DISINFO: The prosecution of Baltnews and Sputnik Latvia is merely Russophobia
  • Outlet: Sputnik Germany (archived)*
  • Date of publication: December 04, 2020
  • Outlet language(s): German
  • Reported in: Issue 229
  • Countries / regions discussed: Russia, Latvia
Freedom of speech Sputnik Russophobia Baltic states

DISINFO: The prosecution of Baltnews and Sputnik Latvia is merely Russophobia


On Thursday, Latvian authorities detained Russian-language journalists from Baltnews and Sputnik Latvia, conducted searches of their homes, interrogated them, and then charged them under Article 84, for allegedly violating the EU sanctions regime. […]

The reason given by the Latvian authorities was EU sanctions against the head of the media holding Rossiya Segodnya, Dmitry Kiselyov. […]

Therefore, the allegations by the Latvian authorities for violating the EU sanctions regime are unacceptable. The aggressive actions of the Latvian security service in relation to the employees of the Riga in particular and Russian-speaking journalists in general are “a blatant example of the violation of the foundations of a democratic society, namely freedom of the media and freedom of expression.”

“All of this is a real punitive action that leaves no doubt about the Russophobic background of the trumped-up allegations,” said Moscow.


Recurring pro-Kremlin disinformation message about the Baltic States. Read more about the Russian language media in Latvia here.

In December 2020, the Latvian State Security Service performed court-sanctioned procedural activities on sites connected with seven persons in Riga and its surroundings on the grounds of suspicion of violation of international sanctions. According to the reports in Latvian media, an ex-editor and in chief of Baltnews and several people working with an outlet were shortly detained and then released. The Latvian State Security Service underlined, that "no person shall be considered guilty until the guilt of such person has been determined in accordance with the procedures laid down in the law."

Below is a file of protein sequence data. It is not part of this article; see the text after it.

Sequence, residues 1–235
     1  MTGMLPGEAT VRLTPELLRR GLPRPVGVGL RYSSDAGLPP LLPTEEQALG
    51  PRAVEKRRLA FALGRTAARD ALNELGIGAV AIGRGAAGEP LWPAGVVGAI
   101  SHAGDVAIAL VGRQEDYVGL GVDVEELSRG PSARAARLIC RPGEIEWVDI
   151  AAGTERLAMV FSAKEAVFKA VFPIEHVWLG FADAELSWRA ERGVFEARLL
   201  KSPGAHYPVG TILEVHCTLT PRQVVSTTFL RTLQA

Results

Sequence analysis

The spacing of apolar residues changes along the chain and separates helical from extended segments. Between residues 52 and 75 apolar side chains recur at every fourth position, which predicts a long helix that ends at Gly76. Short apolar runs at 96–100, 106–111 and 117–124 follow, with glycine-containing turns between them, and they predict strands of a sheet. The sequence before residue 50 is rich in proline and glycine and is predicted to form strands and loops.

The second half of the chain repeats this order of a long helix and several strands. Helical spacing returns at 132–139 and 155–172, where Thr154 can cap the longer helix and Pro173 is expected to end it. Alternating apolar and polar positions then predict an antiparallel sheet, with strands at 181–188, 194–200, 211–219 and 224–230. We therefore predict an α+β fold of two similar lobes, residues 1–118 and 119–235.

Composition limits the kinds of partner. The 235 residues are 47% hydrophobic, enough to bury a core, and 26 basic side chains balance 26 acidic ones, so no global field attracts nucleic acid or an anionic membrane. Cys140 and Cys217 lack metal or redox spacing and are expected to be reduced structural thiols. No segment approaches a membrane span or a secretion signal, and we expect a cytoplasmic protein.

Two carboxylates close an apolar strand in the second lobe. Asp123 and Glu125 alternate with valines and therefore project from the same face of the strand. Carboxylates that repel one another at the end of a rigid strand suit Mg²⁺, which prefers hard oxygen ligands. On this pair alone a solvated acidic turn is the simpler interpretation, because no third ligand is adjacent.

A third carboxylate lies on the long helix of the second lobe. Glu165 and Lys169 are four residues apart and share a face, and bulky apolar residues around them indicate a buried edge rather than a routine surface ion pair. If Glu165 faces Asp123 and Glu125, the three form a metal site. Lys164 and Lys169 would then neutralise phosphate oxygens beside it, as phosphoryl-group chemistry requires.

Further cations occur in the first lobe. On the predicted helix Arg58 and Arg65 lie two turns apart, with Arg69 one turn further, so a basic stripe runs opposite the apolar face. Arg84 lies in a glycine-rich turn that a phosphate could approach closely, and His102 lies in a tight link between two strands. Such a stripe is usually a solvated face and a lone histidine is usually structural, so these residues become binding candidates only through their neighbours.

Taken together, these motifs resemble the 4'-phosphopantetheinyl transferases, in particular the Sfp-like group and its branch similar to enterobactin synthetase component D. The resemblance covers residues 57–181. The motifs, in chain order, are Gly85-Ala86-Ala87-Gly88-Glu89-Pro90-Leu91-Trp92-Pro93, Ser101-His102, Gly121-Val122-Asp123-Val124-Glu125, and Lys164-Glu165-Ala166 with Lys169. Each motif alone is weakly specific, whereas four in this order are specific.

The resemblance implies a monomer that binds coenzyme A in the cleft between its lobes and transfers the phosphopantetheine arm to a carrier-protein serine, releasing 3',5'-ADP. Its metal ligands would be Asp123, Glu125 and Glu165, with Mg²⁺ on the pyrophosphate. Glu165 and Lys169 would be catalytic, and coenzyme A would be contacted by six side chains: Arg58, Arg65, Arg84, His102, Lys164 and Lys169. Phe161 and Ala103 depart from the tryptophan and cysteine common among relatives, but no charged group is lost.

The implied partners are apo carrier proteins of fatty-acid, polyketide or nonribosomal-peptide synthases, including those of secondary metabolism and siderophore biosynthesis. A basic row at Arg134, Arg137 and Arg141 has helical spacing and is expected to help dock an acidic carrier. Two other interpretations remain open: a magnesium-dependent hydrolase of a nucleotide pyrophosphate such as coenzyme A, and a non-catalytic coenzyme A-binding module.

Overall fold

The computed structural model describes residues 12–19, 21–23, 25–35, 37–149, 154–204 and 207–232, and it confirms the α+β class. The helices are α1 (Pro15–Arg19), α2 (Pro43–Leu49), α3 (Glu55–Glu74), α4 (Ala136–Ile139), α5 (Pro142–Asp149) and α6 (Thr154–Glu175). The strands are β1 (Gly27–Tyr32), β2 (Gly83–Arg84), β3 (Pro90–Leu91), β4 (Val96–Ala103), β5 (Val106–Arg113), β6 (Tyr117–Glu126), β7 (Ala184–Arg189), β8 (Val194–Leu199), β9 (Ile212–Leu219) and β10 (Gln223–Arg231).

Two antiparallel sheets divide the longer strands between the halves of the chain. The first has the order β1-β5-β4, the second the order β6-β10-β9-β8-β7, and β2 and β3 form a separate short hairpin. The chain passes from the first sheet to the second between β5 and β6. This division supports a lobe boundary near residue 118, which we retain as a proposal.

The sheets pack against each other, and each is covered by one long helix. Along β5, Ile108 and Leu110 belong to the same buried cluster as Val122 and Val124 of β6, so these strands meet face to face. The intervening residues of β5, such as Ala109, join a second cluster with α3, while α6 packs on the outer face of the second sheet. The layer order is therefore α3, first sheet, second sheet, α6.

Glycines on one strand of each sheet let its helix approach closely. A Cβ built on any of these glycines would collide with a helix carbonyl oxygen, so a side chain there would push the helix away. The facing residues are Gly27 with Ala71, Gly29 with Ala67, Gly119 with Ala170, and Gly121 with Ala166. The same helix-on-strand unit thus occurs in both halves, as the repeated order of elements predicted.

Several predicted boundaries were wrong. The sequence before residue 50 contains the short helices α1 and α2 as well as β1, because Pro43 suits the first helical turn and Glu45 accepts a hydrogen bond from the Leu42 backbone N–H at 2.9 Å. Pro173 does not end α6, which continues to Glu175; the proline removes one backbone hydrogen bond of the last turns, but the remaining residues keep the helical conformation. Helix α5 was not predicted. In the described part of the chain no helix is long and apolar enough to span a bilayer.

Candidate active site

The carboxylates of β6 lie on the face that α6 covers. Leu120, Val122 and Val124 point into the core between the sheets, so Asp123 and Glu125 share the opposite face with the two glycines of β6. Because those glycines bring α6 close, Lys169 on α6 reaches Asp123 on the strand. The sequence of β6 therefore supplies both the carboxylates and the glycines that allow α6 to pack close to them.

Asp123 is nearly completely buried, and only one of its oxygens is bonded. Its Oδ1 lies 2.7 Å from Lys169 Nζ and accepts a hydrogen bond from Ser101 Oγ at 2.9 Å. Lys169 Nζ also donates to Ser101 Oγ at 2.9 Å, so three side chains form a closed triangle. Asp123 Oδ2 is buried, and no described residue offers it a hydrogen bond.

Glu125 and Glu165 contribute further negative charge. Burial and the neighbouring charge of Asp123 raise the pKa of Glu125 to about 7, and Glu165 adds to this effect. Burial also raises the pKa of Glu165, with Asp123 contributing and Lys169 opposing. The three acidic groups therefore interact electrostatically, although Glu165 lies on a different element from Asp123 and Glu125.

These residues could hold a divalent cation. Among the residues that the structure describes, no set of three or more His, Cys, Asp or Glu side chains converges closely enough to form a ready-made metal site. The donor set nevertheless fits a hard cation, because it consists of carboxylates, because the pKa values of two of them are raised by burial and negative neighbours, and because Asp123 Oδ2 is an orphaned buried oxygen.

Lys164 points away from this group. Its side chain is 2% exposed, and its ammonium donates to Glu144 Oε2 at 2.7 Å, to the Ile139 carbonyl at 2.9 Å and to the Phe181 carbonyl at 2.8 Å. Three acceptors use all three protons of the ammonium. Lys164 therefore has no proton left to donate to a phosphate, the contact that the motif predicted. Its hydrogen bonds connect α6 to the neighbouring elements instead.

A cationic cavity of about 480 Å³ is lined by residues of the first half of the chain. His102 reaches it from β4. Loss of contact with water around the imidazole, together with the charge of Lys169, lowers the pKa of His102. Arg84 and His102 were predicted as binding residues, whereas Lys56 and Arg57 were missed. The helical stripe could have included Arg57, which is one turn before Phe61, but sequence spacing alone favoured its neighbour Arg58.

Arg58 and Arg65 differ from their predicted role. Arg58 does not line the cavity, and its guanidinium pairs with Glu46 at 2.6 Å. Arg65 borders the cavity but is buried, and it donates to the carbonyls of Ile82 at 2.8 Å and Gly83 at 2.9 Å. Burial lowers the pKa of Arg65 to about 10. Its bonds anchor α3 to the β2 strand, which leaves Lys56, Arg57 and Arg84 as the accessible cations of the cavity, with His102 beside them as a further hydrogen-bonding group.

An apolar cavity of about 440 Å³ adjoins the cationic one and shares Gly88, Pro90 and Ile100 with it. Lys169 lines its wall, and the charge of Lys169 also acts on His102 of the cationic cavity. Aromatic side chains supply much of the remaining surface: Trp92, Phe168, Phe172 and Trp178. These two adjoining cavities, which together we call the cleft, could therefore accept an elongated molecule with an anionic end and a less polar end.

In Latvia, in 2016, Latvia's domain registry shut the website of Sputnik Latvia after receiving a letter of concern from the Latvian Foreign Ministry, which drew attention to Sputnik's coverage of Ukraine and routine denial of the embattled nation's territorial integrity. In July 2019, Latvian authorities blocked access to the online portal baltnews.lv, owned by Rossiya Segodnya, citing EU sanctions against Russia. In 2020, Latvia banned the state-owned Russian television channel RT, saying it is controlled by an individual - Dmitry Kiselyov, who is under EU sanctions. According to the Electronic Mass Media Council (NEPLP), Latvia's national media watchdog, RT and the network of channels operated by it are under Kiselyov's "effective control" and has attempted to present Latvia as a failed state.


Sputnik was created in Russia by a presidential decree with the aim to “report on the state policy of Russia abroad”. Sputnik is a regular source of pro-Kremlin disinformation. The Baltnews site tries to represent itself as an independent media but in 2017 an investigation showed that it is linked to the Kremlin’s global disinformation network. Baltnews is connected to the Rossiya Segodnya state-owned media company, which includes Sputnik News.

See similar cases of disinformation: Russian media are being discriminated in Baltic states; There are clear violations of the principles of freedom of speech in Estonia; Suppression of media freedom is norm in the Baltic states.


Related disinfo cases


Cases in the EUvsDisinfo database focus on messages in the international information space that are identified as providing a partial, distorted, or false depiction of reality and spread key pro-Kremlin messages. This does not necessarily imply, however, that a given outlet is linked to the Kremlin or editorially pro-Kremlin, or that it has intentionally sought to disinform. EUvsDisinfo publications do not represent an official EU position, as the information and opinions expressed are based on media reporting and analysis of the East Stratcom Task Force.

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